Council Tax exemption for care leavers until the age of 25

Suhel with Mayor John Biggs-2

Suhel with Mayor John Biggs

We have chosen to give care leavers the best start in adult life by exempting them from Council Tax until they are 25 years old.

The decision follows a report by the Children’s Society, called Wolf at the Door, which calls for exemptions up to 21 years old.

This is because young adults transitioning from care to independent accommodation often struggle to manage their finances and are likely to fall into arrears and debt. Since then the charity has raised the recommendation up to the age of 25.

Over half of the families surveyed by the Children’s Society in its report had borrowed money to pay their Council Tax bill and eight in 10 families responded to Council Tax debt by cutting back on essentials, such as food or heating.

Tackling inequality is a key priority for Mayor John Biggs and, as a result, his Cabinet has decided to exempt everyone up to the age of 25. Three hundred care leavers living within and outside the borough are set to benefit from the exemption, which is due to be backdated to April this year.

John Biggs, Mayor of Tower Hamlets, said: “It’s no secret that Tower Hamlets is committed to supporting vulnerable residents and reducing inequality. That’s why we are going the extra mile by saving care leavers up to the age of 25 from having to pay council tax. 

“As corporate parents, we are responsible for keeping our care leavers safe and supporting them to have successful lives. We are setting an example for others and we know that our borough will be better off as a result.” 

Peter Grigg, External Affairs Director at The Children’s Society, said: “Tower Hamlets are setting an example by exempting care leavers from council tax up to the age of 25.

“Its actions will change the life opportunities for thousands of care leavers who often experience a really difficult upbringing which may have included abuse, neglect or family breakdown.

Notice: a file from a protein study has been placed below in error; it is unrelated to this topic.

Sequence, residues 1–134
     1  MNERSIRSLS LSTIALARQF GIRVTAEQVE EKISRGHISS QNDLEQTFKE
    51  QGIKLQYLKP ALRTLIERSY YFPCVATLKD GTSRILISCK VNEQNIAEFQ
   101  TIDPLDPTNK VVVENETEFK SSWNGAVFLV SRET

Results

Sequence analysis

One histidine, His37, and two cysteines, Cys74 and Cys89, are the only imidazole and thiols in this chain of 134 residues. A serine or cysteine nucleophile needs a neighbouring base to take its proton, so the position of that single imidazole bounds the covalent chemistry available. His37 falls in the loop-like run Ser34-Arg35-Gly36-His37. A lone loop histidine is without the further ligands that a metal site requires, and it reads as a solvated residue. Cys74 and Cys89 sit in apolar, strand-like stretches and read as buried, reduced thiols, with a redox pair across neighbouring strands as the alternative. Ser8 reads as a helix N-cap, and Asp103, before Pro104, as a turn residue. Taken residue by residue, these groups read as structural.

“Without the family support most young people get as they become adults, care leavers often struggle to juggle their household bills and make ends meet. Many find themselves in debt, or having to go without food or other basic necessities.  

“We’re delighted that Tower Hamlets council has taken this vital step which will make life easier for many young people making the move into independent living. We would urge more councils, in London and beyond, to follow suit.”

Care leaver Suhel Chowdhury, 22, was in Tower Hamlet council’s care from the age of eight. He went to university and when he graduated at the age of 21, he moved into a rented one bedroom flat in Bow.

Suhel, who now works for the council as a finance officer, said: “Having an exemption from Council Tax will make a huge difference to my life and other care leavers.

“In moving into independent accommodation, I had to get used to being more responsible and being careful with my money. There were rough patches when I ran out of money.

“I received my first Council Tax bill in August last year. It was for more than £700.  I was already having a tough time and I had to borrow money to pay it all at once.

“I know other care leavers have a similar experience so having an exemption up to the age of 25 will help us to progress in our lives and careers without this burden.”

Cllr Amy Whitelock Gibbs, Cabinet Member for Education and Children's Services, said: “When a young person leaves care and begins to manage their own financial affairs for the first time, they can easily fall into debt, especially without vital advice and practical support from family.

“This exemption will give our care leavers a helping hand in their first step towards independence, helping them to avoid debt as they learn to manage their finances.

“The Children’s Society report powerfully shows how a relatively small cost of funding this exemption could have a potentially massive impact on the lives of care leavers.” 

Posted on Wednesday 2nd August 2017